Indiana and Kentucky: If You See This in Your Tree You Should Remove it
This little cocoon camouflages pretty nicely within your tree branches, but you'll want to get rid of it before it wreaks havoc on your trees.
A Camoflaged Problem
If you saw this in your tree you may just think it is part of your tree because it camouflages well with the color of the tree. However, if you spot this in your tree you will want to remove it ASAP before it wreaks havoc on your tree because this little unassuming cocoon contains a pest, bagworm eggs.
What are Bagworms?
Despite their name, bagworms are a type of caterpillar that spend winters as eggs laid by their mother in these silken cases. According to the Purdue Landscape Report, bagworm eggs are laid by the mother in silken cases in the winter. Eventually, those eggs hatch into caterpillars which will feed on nearby plants. These caterpillars typically feed through August before they become adults. This feeding can be quite a menace and cause significant damage to your trees.
How to Spot a Bagworm Bag
The most seen characteristic of bagworms is the bag itself. They have been described as pinecone like by some. When the caterpillar first emerges, the bag they construct is conical but as they mature, the bag may become more diamond shaped in profile. The bag is tough and brown and covered in material from the host plant like leaf bits, needles, and berries.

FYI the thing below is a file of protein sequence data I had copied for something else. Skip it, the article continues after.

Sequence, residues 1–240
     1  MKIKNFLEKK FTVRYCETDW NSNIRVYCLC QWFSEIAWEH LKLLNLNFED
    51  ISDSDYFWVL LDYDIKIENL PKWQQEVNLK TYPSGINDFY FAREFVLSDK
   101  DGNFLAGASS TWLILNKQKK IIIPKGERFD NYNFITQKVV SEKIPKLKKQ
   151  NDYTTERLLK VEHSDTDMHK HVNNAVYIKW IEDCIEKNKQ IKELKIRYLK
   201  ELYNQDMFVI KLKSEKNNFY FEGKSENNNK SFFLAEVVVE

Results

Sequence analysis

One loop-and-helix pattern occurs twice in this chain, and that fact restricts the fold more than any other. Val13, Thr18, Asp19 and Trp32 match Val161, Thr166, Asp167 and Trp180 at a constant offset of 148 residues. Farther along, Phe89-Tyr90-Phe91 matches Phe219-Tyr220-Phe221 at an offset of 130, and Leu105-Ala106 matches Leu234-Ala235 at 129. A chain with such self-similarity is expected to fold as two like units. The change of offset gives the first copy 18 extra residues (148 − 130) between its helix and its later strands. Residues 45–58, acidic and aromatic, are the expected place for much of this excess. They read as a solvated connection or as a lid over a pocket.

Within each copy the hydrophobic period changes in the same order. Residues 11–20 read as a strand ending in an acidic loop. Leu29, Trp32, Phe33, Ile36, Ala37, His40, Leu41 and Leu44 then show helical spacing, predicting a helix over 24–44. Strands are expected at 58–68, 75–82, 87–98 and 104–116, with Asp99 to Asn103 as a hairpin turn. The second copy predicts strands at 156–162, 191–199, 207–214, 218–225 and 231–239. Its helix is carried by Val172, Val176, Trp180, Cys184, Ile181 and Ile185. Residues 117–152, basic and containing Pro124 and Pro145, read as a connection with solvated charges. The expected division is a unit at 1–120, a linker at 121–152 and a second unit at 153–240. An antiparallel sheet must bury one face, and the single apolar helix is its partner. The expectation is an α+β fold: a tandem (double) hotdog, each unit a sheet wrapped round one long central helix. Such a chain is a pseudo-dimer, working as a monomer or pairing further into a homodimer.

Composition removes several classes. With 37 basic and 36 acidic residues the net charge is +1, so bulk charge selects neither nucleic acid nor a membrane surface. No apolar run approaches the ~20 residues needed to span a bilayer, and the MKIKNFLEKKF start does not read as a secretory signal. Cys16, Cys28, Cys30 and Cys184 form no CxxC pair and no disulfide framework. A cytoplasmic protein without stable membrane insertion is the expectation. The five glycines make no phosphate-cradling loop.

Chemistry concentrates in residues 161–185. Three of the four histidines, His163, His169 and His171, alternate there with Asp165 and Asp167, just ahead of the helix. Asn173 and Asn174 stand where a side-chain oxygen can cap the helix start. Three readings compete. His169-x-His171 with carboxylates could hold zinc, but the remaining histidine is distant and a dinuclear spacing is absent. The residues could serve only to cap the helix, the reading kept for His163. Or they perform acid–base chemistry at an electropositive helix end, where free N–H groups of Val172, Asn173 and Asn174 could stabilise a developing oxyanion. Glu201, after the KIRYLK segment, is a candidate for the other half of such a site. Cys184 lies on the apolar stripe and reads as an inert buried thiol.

Remove the Bag When You See it
The best course of action to help prevent a bagworm infestation is to remove the bag itself when you see it. The UK Department of Entomology recommends using sharp scissors, shears, or a knife to cut the loop that holds the bag to the plant. Doing this will remove the female bags with eggs. So keep an eye out this winter for these bags and if you see one, remove it from your tree!
YouTuber Chris Egnoto has a really informative video about bagworms that I recommend watching, below.
Quiz: Do you know your state insect?
Gallery Credit: Andrew Vale